Saturday, 13 October 2012
Lessons From a Chat Room
I spend a lot of time on the internet surfing around and generally wasting time. I have a few places I haunt regularly; blogs, chats, web pages, that sort of thing. I follow a lot of writers on their social media sites and stalk them on their blogs and web pages. I find their successes very inspiring and their disappointments strangely comforting.
I’ve even hung out on POF and some other dating sites, just talking to people. Some folk are reticent and reluctant to share their stories, not that I blame them. Some are clearly making it up as they go along and others will openly tell you anything you ask. Occasionally I use bits and pieces of what I hear as inspiration for a character in my stories. They provide a base or a starting point, if you will, for someone who I flesh out later.
I really hadn’t expected to meet someone whose life story would humble me and motivate me to be a better person. I’m not talking about inspiring me as a writer; I’m talking about inspiring me as a human being.
Over the past few months, I’ve struck up a friendship of sorts with a gentleman who I’ll call Wes. I ran into him in a chat room. What first caught my eye about Wes was his quick wit; he’s fast with the snappy comeback and witty retort. These aren’t your usual cutting remarks, just gentle teasing and good fun. He dishes out barbs and witticisms, but doesn’t mind being the brunt of a joke. He is upbeat and positive and always has a comforting word for people who are upset or hurt. I’m not sure he would appreciate it, but I always think of him as a ray of sunshine.
Wes is talkative and open about anything anyone asks him. He’s easy to chat with and conversations with him range from the mundane to the totally bizarre. A few nights ago, Wes told me that he had spent the weekend hopped up on pain meds because he was in a serious car accident. He was very philosophical about the whole thing, saying things like, “My car is probably totalled, but I’m okay. The bruises will be gone in a few weeks.” He sounded quite optimistic actually.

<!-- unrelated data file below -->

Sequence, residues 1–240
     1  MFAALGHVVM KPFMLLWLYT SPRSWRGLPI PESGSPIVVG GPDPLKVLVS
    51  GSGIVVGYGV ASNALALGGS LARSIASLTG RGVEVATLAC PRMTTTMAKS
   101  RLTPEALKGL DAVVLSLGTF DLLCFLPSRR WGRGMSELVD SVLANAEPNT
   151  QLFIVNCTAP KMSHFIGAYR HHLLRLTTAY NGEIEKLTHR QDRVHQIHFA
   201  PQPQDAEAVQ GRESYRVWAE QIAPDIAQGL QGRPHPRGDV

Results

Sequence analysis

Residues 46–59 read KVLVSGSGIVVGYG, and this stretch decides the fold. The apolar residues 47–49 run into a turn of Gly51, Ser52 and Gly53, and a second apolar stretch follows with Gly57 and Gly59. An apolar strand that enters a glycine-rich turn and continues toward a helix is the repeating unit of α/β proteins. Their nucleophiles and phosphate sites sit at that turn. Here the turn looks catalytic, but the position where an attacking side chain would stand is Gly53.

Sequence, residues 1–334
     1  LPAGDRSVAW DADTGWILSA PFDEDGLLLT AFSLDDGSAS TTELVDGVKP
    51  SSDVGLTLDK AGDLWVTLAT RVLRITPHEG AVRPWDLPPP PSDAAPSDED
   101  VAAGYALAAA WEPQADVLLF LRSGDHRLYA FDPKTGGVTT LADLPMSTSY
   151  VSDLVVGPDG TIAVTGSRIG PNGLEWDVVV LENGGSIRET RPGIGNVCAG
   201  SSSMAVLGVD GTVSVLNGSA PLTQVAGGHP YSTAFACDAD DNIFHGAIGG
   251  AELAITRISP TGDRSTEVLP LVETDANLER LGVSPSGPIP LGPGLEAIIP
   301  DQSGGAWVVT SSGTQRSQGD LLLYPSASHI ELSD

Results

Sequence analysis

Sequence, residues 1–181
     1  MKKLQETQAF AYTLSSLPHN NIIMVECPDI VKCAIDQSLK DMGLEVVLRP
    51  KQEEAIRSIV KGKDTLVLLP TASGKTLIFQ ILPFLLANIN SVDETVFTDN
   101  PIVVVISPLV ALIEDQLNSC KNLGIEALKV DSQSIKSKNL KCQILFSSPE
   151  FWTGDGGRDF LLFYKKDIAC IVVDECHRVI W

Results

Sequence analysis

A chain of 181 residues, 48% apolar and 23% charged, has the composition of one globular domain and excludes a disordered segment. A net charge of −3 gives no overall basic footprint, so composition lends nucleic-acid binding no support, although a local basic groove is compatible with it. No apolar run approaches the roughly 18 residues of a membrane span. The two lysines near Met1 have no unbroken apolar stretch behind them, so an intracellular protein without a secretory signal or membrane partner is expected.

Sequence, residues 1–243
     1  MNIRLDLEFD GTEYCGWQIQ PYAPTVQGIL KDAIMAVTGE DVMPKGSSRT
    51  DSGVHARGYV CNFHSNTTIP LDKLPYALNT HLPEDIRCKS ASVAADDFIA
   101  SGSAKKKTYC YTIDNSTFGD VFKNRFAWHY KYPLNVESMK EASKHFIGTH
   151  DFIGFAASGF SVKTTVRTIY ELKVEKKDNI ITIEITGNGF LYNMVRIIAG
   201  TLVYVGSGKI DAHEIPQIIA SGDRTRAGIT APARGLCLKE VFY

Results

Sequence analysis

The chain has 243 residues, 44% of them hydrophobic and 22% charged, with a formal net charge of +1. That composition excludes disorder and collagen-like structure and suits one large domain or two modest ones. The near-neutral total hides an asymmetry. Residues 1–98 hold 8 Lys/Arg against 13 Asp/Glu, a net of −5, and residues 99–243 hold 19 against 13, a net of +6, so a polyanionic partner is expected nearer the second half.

We all know how difficult it can be to settle things with our insurance company; and even here Wes is easy going. He is hoping that insurance will fix his car; rather than pay him out for it. Admitted that this was unlikely and shrugged it off, if they wrote off his car, he would just scrape together enough to get a replacement. What a fabulous attitude!
Somehow, my conversation with Wes took another turn and we started talking about the positive outlook he had. He tells me he’s finding all the happiness and pleasure he can gather. His philosophy is that he works to live, rather than living to work. He no longer works insane hours to buy things he doesn’t really need. He’s taking the time to enjoy his life and his friends, to enjoy the small pleasures rather than working himself to exhaustion.
I was impressed by his attitude. Being nosy, I asked him his age and he told me he was 28. I was astounded, I had assumed he was someone who had lived much longer and had learnt a lot more. I mentioned that his attitude was unusual for someone so young and he told me that it is because he had learnt to take the good with the bad and to focus on the positive.
During our last chat he told me that he has a very aggressive form of MS and some other health complications and that he is unlikely to live to be 40. He said, “Think of me as ¾ dead. I’m not going to live a long life and I’m going to enjoy every minute of this one; so I try to find the best in every situation.”
Holy hell and geez Louise.
I’ll be honest with you, I cried for him. It broke my heart to hear that in a world full of negativity, such a positive man was living knowing that he would be taken away early. He deserved better.
But I cried for me too, for all the happiness I have robbed myself of with my ‘poor me’ attitude. I have a good life, but I’m prone to petty whines and quick to anger sometimes. Wes helped me to realise how good I have it and I intend to adopt his attitude as best I can. I want to find the pleasure in little things and enjoy my life, my friends and family.
I raise my glass in toast to you Wes. Thank you for inspiring me to be a better person; and for showing me that the world is a wondrous place if we let it be. The world needs more people like you.